This week, the Scottish Parliament passed the Wild Animals in Travelling Circuses (Scotland) Bill, which was introduced on ethical grounds earlier this May by Cabinet Secretary for the Environment, Climate Change and Land Reform, Roseanna Cunningham MSP.
“This is an important Act that will not only prevent travelling circuses ever showing wild animals in Scotland in the future, but will demonstrate to the wider world that we are one of the growing number of countries that no longer condones the use of wild animals in this way,” said Cunningham.
Cunningham further explained that the law doesn’t specifically define “wild animal,” which will allow courts to give animals the maximum protection when interpreting how to apply the new law.
According to Animal Defenders International (ADI), which supported the bill, there are currently no wild animal circuses currently in Scotland, but controversial shows have visited in the past. In 2014, the organization exposed the inadequate living conditions of lions and tigers who were brought there over the winter by Thomas Chipperfield.
Thankfully there’s no shortage of evidence showing that traveling circuses can never meet the physical and psychological needs of wild animals used in entertainment. Research, multiple undercover investigations and media reports have all exposed not only the problems inherent with keeping wild animals in circuses around the world, but also the heartbreaking abuses they’re subjected to.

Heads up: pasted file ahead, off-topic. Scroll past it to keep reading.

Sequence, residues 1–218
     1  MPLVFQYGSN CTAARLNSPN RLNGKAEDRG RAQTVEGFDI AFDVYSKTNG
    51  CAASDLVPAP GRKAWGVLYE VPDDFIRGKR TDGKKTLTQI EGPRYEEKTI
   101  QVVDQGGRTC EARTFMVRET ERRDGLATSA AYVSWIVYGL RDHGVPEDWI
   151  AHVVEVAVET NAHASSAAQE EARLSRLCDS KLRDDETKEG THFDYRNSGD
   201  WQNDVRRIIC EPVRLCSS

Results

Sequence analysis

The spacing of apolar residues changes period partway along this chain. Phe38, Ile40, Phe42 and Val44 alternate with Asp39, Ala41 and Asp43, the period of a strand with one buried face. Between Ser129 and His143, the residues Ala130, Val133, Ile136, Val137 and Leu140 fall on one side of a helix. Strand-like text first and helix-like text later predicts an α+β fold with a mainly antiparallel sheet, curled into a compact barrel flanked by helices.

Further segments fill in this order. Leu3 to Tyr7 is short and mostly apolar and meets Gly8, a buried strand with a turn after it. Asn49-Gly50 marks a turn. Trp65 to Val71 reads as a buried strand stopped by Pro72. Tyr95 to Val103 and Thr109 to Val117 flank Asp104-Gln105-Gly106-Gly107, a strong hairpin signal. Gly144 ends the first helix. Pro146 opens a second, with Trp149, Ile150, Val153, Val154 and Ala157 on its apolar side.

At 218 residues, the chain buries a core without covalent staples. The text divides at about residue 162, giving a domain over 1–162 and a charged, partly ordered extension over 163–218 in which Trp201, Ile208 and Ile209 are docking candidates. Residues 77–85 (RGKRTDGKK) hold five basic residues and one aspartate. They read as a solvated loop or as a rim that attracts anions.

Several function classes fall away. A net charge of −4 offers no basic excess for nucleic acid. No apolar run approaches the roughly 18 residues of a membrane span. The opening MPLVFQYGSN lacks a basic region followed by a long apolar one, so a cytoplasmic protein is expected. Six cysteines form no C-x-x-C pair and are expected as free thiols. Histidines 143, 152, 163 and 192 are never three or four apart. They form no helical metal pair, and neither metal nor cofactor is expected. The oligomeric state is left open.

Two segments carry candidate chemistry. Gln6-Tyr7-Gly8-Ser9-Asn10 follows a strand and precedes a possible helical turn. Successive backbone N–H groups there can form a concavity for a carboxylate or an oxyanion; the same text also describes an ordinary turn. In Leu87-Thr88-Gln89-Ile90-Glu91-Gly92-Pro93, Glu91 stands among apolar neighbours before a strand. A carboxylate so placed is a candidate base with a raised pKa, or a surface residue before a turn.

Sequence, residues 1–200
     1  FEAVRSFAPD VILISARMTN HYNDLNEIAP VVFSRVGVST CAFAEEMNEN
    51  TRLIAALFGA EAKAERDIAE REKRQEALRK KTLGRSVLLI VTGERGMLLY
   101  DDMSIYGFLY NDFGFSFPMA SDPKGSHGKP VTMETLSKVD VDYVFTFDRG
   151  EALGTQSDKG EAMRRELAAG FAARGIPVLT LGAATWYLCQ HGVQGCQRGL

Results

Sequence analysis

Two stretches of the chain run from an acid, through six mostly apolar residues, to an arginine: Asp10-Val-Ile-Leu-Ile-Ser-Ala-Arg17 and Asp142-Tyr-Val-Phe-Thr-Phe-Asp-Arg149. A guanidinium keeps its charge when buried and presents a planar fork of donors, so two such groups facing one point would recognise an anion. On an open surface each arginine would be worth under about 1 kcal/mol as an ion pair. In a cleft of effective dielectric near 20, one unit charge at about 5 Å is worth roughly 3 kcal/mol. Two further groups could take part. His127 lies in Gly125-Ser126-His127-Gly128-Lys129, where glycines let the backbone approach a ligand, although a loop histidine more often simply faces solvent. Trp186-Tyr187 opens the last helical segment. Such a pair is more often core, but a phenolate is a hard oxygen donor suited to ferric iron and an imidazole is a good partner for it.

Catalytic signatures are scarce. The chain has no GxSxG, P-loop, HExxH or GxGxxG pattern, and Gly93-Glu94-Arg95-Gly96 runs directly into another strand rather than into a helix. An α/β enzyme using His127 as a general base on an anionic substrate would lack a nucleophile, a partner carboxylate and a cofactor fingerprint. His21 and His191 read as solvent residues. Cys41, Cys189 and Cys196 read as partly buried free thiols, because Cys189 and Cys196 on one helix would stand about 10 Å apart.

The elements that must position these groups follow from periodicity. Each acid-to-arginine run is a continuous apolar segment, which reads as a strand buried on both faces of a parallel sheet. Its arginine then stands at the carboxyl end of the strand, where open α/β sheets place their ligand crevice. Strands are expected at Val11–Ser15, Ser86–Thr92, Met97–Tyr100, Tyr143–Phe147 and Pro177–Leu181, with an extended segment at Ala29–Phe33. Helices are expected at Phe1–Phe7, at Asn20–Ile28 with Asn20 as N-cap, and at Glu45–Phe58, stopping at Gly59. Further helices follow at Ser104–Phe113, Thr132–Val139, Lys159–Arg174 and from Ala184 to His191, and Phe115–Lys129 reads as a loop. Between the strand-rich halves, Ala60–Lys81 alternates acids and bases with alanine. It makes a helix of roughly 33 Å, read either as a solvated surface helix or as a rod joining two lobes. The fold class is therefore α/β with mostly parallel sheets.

While it’s tragic to think about the lives of animals who are currently being exploited, the public has continued to turn against this ongoing abuse and progress is being made globally to end their suffering.
More than 40 countries around the world have introduced prohibitions on the use of animals in circuses, and efforts are underway in even more.
With this move, Scotland has become the first nation in the UK to step up and ban the use of wild animals in traveling circuses, and it’s hoped more will soon follow. Wales, Northern Ireland and England are making progress toward this goal, but more public pressure is still needed to get it done.
“The public called for a ban, and the Scottish Government and Parliament listened, banishing travelling circuses with wild animals forever. Meanwhile, England continues to sit on its hands, and a bill nearly 5 years old – no more delays, it’s time to stop circus suffering,” said Jan Creamer, President of ADI.
You can help support the effort to end circus suffering in the UK by signing and sharing the petition calling on Theresa May to uphold the promise made years ago to ban the use of wild animals in circuses.
For more on how to help, check out Stop Circus Suffering.
This article was first published by Care2.com on 22 Dec 2017.